Also, we didn’t focus on the total compensation package, including health insurance, stock options, pension benefits, or other perks. I know plenty of lower-paid state workers that have enough years under their belts to get both guaranteed pensions and health insurance during their entire retirement. Think of how much that will be worth! This was mainly an exercise in curiosity, and I’m glad I did it.
Finally, it’s not how much you earn, but how much you keep.
Even though the $100,000+ salary club gets less exclusive each year with inflation, it is still considered by many to be a sign of success. According to reports, only about 5% of workers nationwide make six figures. Although it is by no means necessary to make that much in order to lead a fulfilling life and even a comfortable retirement, I think many people (including me) are still curious as to who makes six-figures.
As I approach my 30th birthday, many of my friends are reaching or surpassing this mark as they graduate with advanced degrees or move up the corporate ladder. Here are some examples of people I know who are earning more than $100,000 per year. Keep in mind I live on the West Coast, so salaries are higher overall. (Cost of living calculator) Many of these are expected, but some may surprise you.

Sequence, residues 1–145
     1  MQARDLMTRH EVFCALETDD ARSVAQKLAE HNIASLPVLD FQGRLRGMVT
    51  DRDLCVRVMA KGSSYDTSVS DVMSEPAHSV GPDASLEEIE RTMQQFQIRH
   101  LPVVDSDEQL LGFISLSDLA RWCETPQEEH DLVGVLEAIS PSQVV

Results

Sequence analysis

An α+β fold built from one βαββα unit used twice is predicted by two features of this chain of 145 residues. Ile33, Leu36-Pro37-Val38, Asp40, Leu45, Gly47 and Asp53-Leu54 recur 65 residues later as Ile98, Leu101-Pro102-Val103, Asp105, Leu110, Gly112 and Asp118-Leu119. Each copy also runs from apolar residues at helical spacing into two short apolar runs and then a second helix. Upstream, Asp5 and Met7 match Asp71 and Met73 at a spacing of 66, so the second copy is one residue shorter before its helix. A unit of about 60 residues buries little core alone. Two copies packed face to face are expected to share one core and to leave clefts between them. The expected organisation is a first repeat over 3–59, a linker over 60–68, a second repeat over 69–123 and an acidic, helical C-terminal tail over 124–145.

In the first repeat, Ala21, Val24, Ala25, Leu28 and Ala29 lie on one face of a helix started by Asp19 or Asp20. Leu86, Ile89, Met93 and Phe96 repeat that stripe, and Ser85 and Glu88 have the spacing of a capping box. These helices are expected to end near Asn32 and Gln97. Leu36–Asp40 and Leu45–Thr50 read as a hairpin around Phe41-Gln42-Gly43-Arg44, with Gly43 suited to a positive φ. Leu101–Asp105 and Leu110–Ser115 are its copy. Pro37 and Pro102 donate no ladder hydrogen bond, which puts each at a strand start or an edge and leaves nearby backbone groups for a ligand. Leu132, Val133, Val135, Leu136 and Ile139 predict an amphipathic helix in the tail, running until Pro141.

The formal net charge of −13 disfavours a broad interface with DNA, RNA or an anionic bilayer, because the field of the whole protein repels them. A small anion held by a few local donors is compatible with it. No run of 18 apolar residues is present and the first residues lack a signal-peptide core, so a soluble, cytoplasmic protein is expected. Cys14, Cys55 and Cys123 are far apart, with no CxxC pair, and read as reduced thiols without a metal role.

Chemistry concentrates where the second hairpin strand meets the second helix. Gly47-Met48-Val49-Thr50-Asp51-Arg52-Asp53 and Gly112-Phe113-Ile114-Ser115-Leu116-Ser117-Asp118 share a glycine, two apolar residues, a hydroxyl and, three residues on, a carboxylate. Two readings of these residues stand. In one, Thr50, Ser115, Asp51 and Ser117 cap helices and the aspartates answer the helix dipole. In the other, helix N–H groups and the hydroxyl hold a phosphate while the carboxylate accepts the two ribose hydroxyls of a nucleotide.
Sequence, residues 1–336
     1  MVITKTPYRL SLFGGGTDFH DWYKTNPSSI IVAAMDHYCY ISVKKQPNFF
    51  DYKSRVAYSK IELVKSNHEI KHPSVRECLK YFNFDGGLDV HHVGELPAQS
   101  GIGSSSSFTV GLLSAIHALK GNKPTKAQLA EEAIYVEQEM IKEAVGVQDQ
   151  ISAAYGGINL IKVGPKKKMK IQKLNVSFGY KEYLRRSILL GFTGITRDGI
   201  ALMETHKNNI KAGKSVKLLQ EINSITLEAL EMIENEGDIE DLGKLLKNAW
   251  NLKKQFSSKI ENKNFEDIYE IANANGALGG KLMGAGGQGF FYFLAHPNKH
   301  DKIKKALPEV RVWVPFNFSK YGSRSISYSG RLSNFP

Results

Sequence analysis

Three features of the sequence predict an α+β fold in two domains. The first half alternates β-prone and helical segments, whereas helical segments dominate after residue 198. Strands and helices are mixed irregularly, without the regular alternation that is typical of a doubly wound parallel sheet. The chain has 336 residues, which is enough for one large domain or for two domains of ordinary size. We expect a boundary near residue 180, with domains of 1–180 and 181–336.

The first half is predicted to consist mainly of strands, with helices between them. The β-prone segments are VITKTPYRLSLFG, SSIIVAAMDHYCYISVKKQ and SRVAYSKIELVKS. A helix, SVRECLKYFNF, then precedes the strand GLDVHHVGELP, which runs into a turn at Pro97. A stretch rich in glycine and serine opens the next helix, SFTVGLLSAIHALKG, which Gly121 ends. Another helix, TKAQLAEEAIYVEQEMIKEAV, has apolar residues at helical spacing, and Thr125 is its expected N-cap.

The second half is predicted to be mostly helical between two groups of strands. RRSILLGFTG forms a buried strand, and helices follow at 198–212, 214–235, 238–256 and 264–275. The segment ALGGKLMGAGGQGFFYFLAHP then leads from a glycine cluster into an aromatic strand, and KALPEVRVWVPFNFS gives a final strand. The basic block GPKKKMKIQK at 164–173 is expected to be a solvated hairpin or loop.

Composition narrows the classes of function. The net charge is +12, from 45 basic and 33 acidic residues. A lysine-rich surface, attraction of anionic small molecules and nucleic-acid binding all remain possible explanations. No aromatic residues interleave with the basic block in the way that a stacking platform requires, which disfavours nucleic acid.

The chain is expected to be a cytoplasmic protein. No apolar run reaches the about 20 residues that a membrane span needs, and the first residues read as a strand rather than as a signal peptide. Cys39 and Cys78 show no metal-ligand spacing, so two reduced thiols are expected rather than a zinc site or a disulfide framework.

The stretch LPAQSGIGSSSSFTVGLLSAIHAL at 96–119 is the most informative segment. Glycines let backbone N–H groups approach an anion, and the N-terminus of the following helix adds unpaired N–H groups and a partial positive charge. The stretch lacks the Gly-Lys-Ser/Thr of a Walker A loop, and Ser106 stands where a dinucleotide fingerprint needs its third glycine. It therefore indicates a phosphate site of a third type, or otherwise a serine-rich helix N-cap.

Investment Banker – Education needed: Bachelor’s in almost any field, preferably business or engineering/math related. If you love competition and working 100 hours a week, you can easily make much more than $100k per year.
Lawyer – Education needed: J.D. Work hard, schmooze a bit, get a good clerkship, land a job at a respected firm and you’ll be a 6F’er. As an associate you’ll also be putting in 80+ hour weeks. However, if you want to work at a non-profit, your salary will be significantly less, maybe in the $40k range.
Physician – Education needed: M.D. plus 3-10 years of residency. Salary varies wildly for doctors too. Many pediatricians make less than $100k per year, while a cardiac surgeon (10 years of residency) can make $500k+ per year. Keep in mind during residency you’ll be earning $40k a year and also working 80 hours a week.
Small Business Owner – Education needed: None. These are mostly the parent of my friends, who have created successful small businesses worth millions, from restaurants to import/export to service/construction. The common thread between all these people is that it takes enormous commitment and dedication, often at the expense of family life. Be prepared to work seven days a week, all the while knowing that you could easily lose money each month. Read the rest of this entry…